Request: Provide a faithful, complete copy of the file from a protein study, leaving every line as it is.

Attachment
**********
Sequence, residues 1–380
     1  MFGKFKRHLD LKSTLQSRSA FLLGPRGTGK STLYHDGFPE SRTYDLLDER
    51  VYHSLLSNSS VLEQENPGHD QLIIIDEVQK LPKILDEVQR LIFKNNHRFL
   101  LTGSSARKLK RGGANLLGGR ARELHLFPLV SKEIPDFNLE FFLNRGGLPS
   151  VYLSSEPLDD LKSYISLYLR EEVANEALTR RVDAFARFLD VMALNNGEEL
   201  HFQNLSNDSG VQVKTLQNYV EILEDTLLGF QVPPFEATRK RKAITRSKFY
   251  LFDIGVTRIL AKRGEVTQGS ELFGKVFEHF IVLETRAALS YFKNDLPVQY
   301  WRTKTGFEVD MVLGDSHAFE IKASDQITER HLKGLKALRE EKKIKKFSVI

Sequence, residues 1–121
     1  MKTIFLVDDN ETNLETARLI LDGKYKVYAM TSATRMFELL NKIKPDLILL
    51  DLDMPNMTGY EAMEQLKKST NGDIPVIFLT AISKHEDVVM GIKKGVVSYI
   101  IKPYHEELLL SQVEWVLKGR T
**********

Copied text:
Sequence, residues 1–380
     1  MFGKFKRHLD LKSTLQSRSA FLLGPRGTGK STLYHDGFPE SRTYDLLDER
    51  VYHSLLSNSS VLEQENPGHD QLIIIDEVQK LPKILDEVQR LIFKNNHRFL
   101  LTGSSARKLK RGGANLLGGR ARELHLFPLV SKEIPDFNLE FFLNRGGLPS
   151  VYLSSEPLDD LKSYISLYLR EEVANEALTR RVDAFARFLD VMALNNGEEL
   201  HFQNLSNDSG VQVKTLQNYV EILEDTLLGF QVPPFEATRK RKAITRSKFY
   251  LFDIGVTRIL AKRGEVTQGS ELFGKVFEHF IVLETRAALS YFKNDLPVQY
   301  WRTKTGFEVD MVLGDSHAFE IKASDQITER HLKGLKALRE EKKIKKFSVI

Sequence, residues 1–121
     1  MKTIFLVDDN ETNLETARLI LDGKYKVYAM TSATRMFELL NKIKPDLILL
    51  DLDMPNMTGY EAMEQLKKST NGDIPVIFLT AISKHEDVVM GIKKGVVSYI
   101  IKPYHEELLL SQVEWVLKGR T